As you might guess, the story on mobile is even worse — connection speeds have improved for sure, but, over the past 10 years, the mobile page load times tracked by Httparchive have actually increased.
If you’re still not convinced that response time matters in your specific industry or for smaller organizations, check out this collection of case studies by WPOStats.com, which documents how performance optimization dramatically improves traffic, sales, and usage metrics across many different types of websites and industries.
Instead of settling for being ‘fast enough,’ investment in performance optimization should be driven by asking, ‘how much more successful would we be if we were 1 second faster?’ Reducing page load times by even a second, will improve your users’ experience, and increase your conversion rates.
Facebook has branded a legal order to globally block a number of Brazilian accounts linked to the spread of political disinformation targeting the country’s 2018 election as “extreme”, claiming it poses a threat to freedom of expression outside the country.
Facebook said it had identified a network of “clusters” of “connected activity”, with those involved using duplicate and fake accounts to “evade enforcement, create fictitious personas posing as reporters, post content, and manage Pages masquerading as news outlets”.
While the tech giant was willing to remove access to the inauthentic content locally, after it had identified a laundry list of policy contraventions, it’s taking a ‘speech’ stance over purging the fake content and associated accounts internationally — arguing such an order risks overreach that could damage freedom of expression online.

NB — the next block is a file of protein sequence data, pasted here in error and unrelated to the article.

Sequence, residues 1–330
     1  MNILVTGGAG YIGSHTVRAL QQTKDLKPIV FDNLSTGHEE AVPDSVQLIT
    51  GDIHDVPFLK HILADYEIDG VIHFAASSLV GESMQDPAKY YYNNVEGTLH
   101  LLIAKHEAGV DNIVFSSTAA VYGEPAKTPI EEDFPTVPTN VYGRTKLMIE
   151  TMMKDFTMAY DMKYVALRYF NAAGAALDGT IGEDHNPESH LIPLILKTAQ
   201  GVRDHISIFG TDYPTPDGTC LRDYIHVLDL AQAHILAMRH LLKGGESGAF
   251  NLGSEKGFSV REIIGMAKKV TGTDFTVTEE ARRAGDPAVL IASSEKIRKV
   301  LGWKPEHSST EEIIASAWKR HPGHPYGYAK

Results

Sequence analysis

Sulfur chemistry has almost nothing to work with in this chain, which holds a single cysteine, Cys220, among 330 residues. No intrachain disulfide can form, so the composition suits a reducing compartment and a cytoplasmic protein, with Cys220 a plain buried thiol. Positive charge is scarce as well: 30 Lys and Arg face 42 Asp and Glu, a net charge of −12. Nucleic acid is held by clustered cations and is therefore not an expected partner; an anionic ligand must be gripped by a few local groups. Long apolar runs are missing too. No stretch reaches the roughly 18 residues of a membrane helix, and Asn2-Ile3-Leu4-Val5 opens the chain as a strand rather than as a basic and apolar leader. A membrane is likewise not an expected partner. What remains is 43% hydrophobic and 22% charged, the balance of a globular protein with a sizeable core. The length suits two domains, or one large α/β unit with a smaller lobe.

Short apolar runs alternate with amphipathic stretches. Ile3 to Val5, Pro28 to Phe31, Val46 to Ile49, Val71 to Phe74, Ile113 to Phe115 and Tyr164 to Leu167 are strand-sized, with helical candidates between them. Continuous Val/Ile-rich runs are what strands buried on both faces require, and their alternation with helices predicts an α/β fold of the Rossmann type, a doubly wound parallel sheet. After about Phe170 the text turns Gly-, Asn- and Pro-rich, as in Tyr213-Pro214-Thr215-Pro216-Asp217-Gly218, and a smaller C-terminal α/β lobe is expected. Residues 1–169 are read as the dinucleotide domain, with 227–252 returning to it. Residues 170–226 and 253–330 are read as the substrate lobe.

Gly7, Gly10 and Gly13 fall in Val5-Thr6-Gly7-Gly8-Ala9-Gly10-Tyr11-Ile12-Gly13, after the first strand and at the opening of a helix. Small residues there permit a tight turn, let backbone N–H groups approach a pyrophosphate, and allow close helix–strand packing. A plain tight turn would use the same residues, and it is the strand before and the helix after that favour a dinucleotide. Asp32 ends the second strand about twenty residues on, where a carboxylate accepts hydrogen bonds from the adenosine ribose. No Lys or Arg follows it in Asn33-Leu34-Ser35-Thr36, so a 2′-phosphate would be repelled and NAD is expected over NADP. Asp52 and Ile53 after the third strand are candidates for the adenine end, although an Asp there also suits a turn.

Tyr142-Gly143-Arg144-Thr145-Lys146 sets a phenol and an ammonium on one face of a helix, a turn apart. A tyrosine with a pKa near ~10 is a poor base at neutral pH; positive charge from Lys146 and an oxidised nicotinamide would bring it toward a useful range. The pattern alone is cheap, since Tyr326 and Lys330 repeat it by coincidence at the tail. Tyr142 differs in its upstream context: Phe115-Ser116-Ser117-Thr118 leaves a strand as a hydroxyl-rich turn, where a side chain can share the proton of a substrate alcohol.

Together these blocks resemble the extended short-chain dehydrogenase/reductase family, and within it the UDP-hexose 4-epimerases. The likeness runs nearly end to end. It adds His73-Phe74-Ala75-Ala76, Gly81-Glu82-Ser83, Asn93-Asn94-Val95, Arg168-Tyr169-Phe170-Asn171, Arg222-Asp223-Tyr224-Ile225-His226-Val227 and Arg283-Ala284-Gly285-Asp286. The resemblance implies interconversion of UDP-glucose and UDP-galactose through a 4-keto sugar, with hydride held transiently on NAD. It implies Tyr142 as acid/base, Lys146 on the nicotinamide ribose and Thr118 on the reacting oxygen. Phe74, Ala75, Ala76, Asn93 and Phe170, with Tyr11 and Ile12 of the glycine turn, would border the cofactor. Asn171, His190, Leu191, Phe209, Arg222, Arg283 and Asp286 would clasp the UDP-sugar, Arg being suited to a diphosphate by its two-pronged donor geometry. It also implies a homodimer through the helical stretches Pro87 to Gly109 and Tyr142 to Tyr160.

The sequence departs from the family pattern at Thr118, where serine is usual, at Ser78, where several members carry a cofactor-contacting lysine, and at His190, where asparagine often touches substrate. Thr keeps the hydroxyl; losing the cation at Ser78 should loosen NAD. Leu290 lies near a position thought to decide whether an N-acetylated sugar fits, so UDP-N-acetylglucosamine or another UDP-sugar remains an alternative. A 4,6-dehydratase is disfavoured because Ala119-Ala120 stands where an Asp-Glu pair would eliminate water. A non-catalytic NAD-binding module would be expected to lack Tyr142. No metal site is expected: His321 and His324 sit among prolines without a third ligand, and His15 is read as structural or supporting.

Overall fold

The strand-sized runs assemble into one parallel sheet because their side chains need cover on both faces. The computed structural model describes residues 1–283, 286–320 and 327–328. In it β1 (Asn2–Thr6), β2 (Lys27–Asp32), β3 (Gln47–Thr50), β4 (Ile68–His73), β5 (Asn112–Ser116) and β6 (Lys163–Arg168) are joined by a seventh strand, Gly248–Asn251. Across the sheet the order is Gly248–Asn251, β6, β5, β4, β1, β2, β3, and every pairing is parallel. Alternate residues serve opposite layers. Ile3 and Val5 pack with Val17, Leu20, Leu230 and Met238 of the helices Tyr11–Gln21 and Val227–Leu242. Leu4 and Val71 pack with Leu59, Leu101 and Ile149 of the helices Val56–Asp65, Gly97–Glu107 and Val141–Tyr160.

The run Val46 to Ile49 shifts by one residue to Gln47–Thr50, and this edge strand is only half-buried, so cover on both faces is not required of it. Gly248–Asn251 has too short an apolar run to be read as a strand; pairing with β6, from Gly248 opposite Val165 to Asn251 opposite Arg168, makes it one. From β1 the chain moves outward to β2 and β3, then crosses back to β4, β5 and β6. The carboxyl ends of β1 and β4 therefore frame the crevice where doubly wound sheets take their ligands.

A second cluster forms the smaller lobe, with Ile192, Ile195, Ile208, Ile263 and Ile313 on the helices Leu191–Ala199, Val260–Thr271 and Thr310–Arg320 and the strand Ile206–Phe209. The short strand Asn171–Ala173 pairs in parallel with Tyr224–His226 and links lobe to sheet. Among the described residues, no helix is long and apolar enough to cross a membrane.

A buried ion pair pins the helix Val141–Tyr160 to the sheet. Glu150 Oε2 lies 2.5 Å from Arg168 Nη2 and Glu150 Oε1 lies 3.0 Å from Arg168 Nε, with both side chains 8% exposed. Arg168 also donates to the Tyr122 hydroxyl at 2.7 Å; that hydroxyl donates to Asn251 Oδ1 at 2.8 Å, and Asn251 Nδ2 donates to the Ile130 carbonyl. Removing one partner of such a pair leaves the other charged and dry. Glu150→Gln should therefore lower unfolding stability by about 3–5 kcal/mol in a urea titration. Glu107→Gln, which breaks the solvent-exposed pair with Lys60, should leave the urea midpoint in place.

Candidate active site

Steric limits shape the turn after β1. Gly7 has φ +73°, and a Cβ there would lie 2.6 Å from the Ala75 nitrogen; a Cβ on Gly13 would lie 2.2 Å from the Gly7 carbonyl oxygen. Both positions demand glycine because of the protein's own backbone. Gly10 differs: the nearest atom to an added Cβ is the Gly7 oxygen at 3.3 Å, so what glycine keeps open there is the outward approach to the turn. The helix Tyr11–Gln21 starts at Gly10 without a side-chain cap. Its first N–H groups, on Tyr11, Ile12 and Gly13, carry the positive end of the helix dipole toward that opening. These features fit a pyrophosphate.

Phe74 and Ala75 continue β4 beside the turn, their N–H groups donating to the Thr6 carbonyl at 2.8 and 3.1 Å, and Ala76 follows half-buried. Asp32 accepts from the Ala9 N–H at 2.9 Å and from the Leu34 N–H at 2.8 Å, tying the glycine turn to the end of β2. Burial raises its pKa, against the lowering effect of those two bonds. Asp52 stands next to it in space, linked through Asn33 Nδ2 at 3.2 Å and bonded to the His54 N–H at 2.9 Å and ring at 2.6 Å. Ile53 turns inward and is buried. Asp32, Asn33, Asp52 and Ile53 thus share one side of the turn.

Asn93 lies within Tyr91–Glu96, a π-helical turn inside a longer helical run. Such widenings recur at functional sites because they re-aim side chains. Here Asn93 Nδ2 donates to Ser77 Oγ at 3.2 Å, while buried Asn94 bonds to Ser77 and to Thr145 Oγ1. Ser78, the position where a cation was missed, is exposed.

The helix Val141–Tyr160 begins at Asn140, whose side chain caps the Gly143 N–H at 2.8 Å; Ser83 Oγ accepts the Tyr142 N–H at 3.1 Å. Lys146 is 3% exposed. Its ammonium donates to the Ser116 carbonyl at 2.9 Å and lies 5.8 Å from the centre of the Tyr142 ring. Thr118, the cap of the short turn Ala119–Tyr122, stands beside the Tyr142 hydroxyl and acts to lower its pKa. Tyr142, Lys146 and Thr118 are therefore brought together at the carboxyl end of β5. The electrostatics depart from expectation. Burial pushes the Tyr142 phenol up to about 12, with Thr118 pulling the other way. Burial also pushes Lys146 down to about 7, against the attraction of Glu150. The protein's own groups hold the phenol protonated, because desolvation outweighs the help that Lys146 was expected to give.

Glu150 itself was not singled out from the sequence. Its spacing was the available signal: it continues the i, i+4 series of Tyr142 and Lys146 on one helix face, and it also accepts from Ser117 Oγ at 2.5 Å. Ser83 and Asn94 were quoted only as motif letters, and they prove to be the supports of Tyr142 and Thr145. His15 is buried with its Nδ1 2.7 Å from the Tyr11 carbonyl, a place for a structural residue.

Like other material features of the manuscript, page design is usually reflective of how the book would be used, but in their choices scribes also responded to the preferences – demands, even – of the individuals who would ultimately use the manuscript.
After the scribe had figured out how to tackle a particular book – he knew how it would be used, having had input from the patron or the monastery’s librarian – he would start designing the page by grabbing two tools that were fundamental for what the page would ultimately look like.
In other words, it was crystal clear to the reader what was what: the larger size of the letter identified the main text, while the smaller script of the commentaries as well as their positioning on the page, identified the occupants of the other rooms.